The AIDS epidemic is a huge global problem. An important measure to contain the disease is to prevent infection with HIV. This assumes that people are fully informed about the risk of infection. However, the current situation shows that this strategy has only limited success. Even a protective vaccine is currently not in sight, despite intensive efforts. It was recently described that even in an HIV-infected person, in whom the first infection had triggered a good response from the immune system, a second infection with a variant of the virus occurred. This raises doubts whether a vaccine that protects against all HIV variants can ever be developed. Given this situation and the millions of people already infected, an urgent goal of biomedical research is and remains to find additional drugs that can effectively fight the virus and control the disease.

Much like catching a murderer, fighting the deadly virus requires different disciplines to work together and complement one another. The solitary detective who solitary gathers traces at the scene of the crime and draws infallible conclusions from them only exists in the novel. In reality, investigators who collect clues or question witnesses are supported by teams of specialists: forensic biologists, forensic biologists or computer experts use their specialist knowledge to help solve the case. In a similar way, scientists from different disciplines have to work together to find ways in which HIV can be suppressed: The findings of the treating physicians about how the disease affects the organism and the effects and side effects of different treatment methods are supported by studies of the Basic medical research supplemented. Similar to coroners, cell biologists, immunologists and pathologists deal with the fate of the victim: They examine the consequences of the virus infection for the individual cell, the immune system and the entire organism. Virologists, molecular and structural biologists, biochemists and biophysicists are more interested in the inner workings of the "perpetrator" HIV. They are trying to analyze his "character" in order to use this knowledge to make him vulnerable.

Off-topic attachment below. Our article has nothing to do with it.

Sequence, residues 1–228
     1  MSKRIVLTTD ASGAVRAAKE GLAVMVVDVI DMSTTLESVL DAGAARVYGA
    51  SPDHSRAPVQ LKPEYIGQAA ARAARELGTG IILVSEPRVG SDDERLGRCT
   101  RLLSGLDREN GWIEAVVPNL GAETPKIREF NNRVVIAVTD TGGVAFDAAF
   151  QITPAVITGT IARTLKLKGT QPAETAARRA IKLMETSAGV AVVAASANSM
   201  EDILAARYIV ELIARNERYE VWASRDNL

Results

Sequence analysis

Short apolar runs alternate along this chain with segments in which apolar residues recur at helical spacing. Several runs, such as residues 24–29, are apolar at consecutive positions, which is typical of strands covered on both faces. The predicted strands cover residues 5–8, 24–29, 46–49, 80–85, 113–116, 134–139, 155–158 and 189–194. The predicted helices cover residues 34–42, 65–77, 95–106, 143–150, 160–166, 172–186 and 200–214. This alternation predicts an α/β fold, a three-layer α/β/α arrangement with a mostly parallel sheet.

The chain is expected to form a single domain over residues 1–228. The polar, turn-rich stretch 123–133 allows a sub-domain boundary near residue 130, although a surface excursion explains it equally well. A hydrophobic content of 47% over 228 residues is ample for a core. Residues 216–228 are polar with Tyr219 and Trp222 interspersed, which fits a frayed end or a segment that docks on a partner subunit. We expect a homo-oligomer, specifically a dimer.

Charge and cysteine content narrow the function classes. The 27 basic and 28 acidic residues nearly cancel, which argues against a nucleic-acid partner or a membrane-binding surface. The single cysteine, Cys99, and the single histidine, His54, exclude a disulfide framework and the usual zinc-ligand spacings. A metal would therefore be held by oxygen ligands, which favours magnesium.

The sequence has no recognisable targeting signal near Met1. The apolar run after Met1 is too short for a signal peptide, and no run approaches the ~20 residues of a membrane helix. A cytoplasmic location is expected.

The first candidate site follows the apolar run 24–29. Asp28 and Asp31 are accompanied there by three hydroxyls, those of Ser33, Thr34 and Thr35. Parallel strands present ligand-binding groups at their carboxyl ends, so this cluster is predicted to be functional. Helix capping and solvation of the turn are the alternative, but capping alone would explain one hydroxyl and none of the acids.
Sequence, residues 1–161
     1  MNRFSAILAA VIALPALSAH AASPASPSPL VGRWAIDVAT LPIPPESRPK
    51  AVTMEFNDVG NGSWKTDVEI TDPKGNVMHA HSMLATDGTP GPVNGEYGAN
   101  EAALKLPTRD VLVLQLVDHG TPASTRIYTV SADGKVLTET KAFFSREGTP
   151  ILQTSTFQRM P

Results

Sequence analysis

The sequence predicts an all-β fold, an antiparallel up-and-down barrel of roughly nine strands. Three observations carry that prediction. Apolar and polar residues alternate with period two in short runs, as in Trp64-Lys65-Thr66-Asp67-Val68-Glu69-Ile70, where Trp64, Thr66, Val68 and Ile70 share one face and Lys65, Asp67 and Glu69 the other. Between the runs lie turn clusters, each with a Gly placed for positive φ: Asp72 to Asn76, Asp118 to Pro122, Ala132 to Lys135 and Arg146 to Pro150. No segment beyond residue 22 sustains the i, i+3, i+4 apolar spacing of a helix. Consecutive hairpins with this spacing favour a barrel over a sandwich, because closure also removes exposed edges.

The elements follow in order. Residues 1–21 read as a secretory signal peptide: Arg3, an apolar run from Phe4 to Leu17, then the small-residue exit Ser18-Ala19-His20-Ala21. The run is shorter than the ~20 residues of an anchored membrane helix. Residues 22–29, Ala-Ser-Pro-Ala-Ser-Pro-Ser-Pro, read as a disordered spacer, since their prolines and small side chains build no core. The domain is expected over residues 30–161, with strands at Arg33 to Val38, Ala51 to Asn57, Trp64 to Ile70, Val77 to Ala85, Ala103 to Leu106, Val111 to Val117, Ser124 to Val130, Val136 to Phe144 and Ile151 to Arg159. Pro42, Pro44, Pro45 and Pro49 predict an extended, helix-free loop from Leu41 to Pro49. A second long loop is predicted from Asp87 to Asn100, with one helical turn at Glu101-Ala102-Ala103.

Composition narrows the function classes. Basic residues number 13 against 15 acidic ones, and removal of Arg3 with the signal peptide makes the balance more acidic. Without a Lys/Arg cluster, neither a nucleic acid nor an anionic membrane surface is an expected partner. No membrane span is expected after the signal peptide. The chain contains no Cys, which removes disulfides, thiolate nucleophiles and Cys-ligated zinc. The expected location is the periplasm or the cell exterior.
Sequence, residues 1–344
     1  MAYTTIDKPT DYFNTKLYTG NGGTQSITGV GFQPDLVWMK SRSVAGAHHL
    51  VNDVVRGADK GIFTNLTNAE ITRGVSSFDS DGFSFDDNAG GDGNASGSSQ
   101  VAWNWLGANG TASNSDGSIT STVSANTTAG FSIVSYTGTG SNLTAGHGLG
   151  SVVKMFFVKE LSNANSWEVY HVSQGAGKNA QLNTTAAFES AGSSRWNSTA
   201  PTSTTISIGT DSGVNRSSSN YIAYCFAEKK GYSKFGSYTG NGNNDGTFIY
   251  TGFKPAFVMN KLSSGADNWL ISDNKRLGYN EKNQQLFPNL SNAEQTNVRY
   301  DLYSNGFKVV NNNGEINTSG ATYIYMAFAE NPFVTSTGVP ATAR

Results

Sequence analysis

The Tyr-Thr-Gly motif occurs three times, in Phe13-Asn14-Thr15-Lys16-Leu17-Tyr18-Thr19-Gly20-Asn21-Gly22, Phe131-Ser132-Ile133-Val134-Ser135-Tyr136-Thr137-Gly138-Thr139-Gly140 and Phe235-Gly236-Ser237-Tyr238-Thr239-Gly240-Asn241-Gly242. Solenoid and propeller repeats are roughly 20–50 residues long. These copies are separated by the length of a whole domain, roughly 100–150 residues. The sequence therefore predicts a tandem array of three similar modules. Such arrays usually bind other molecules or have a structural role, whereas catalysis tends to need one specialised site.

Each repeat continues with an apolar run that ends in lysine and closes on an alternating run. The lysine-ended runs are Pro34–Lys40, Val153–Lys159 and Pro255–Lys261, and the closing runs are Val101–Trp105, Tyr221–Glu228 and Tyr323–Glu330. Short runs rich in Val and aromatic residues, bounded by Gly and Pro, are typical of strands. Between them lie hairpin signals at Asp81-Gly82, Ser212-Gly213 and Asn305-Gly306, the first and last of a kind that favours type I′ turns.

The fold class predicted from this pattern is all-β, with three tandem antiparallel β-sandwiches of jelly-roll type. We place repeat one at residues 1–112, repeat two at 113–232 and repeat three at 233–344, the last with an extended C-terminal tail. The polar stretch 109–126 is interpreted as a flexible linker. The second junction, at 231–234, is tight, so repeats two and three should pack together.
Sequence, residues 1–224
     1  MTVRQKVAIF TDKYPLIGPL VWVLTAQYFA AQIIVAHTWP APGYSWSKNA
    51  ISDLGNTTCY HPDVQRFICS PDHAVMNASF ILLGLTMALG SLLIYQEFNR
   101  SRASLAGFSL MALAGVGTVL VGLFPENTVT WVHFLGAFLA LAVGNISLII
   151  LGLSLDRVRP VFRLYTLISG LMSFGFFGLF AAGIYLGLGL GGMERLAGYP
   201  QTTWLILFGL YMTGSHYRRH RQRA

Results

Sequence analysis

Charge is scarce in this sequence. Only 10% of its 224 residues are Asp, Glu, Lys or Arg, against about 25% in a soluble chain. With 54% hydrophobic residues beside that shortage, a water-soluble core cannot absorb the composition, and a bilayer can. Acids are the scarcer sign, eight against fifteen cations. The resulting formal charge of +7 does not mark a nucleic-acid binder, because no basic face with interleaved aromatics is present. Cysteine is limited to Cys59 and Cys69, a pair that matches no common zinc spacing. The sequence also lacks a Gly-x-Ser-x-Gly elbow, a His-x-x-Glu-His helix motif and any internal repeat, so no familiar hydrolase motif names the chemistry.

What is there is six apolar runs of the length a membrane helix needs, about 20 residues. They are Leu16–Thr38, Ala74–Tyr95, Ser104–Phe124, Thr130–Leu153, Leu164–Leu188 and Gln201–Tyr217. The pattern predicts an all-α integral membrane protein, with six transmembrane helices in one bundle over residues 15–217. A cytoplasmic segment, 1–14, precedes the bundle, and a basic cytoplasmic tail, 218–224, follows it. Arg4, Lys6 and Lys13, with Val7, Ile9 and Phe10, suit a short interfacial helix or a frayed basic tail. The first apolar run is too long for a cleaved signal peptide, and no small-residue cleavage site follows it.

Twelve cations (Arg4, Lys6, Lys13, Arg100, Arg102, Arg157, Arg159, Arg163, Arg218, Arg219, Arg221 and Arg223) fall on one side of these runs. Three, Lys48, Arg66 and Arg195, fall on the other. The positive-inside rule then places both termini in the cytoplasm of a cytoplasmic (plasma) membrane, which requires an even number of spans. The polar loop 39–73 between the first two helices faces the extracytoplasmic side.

At first glance, this task seems manageable. Compared to other pathogens, the HI virus is extremely simple. Its genome, with almost 10,000 individual components, is around 20 times smaller than that of a herpes virus and 300,000 times smaller than the human genetic molecule DNA. HIV only needs nine proteins to induce the infected cell to produce new viruses that destroy the host cell, attack other cells - and in the longer term cause AIDS.

However, it is precisely the simple structure of HIV that harbors the problems associated with researching and combating it: in order for the virus to reproduce with so few proteins of its own, it must use numerous functions of the host cell. These cellular functions are very complex - and in some cases have not yet been studied. In addition, the cellular functions are usually out of the question as targets for antiviral therapy, because this would damage the host cell itself. Another problem is that the viruses and the mischief they cause cannot be directly observed. The deadly pathogen measures just 150 nanometers in diameter (around 1 / 7000th of a millimeter). It can therefore not be made visible with a normal light microscope, but only with an electron microscope. In order to elucidate the exact structure of a virus particle and its procedure in the infected cell, modern biophysical and cell biological techniques are necessary.